Unfortunately the deal went through and the BBC building got built. In my opinion all that needed to happen was a revamp of the existing bus station but things change and to come full circle I’m a little sad the green of Arriva Trains Wales will be replaced by more red, a colour synonymous with Wales.

I liked the Arriva livery because it moved away from dragons and red and showed Wales could, at last, do things differently. The new livery while smart places us back in familiar terrain in terms of colour. What is new is there won’t be individual branding of an operator but of the governmental TfW but does this mean Cardiff Central will lose the deep green of GWR?

Red is the colour.


I am not sure black is a good idea for the front of a train anymore than red is for signage (hello Cardiff Airport). More so the amount it will cost to repaint all the Arriva stations and replace the signage where a bit of planning and thinking ahead could have prevented this; the stations should never have been branded in the first place!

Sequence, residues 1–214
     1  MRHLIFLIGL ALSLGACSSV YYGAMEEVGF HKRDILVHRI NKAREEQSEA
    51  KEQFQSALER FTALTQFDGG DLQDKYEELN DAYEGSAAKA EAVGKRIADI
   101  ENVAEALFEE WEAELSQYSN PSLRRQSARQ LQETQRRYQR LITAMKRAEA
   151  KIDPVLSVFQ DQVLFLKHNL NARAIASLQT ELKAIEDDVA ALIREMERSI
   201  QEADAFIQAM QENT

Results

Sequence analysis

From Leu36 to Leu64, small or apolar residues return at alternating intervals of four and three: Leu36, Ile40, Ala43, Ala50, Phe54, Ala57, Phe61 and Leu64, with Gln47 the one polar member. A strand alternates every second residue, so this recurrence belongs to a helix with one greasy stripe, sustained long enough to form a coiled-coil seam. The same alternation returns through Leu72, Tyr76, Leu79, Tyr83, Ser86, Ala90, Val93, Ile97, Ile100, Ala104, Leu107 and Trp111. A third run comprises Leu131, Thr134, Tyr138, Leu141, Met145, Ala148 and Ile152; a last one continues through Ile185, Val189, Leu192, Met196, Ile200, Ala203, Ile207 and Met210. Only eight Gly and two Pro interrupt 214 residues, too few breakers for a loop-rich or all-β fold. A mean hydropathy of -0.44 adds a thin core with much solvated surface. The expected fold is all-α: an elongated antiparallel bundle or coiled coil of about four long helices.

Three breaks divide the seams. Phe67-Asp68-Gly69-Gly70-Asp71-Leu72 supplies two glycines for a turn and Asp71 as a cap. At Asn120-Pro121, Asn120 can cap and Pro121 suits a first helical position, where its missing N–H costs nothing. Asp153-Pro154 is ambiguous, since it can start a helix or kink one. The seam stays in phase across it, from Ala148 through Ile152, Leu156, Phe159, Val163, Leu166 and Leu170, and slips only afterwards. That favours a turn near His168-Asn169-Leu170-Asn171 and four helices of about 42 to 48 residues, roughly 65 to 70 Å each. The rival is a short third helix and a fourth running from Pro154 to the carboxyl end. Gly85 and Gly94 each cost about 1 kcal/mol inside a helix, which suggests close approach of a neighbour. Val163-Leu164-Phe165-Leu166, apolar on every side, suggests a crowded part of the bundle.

In addition to all that, I am also sad yet excited to see the retirement of the rolling stock, especially those on the city line, and the introduction of the new trains whenever they are rolled out.

Going back to the city line for a moment, on the one hand seeing the 50 year old train amble up and down the track is both embarrassing and endearingly British. In Europe some old trains or trams are reserved (Riga for example). Whatever happens Cardiff awaits the shock of the new.


Thanks for reading here, should you be interested in my work; principally writing, photography, and teaching, check out the MEDIA page, and/or the UNIVERSITY page for my teaching ethos. 

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Futurology – Manic Street Preachers
Lift – 808 State
Momentary Architecture – John Foxx and Harold Budd
Red – King Crimson

Photo credits: All shots by KH except Cardiff Central, (first image) Powell Dobson Architects/Network Rail Media, logos found online, Transport for Wales train from TfW.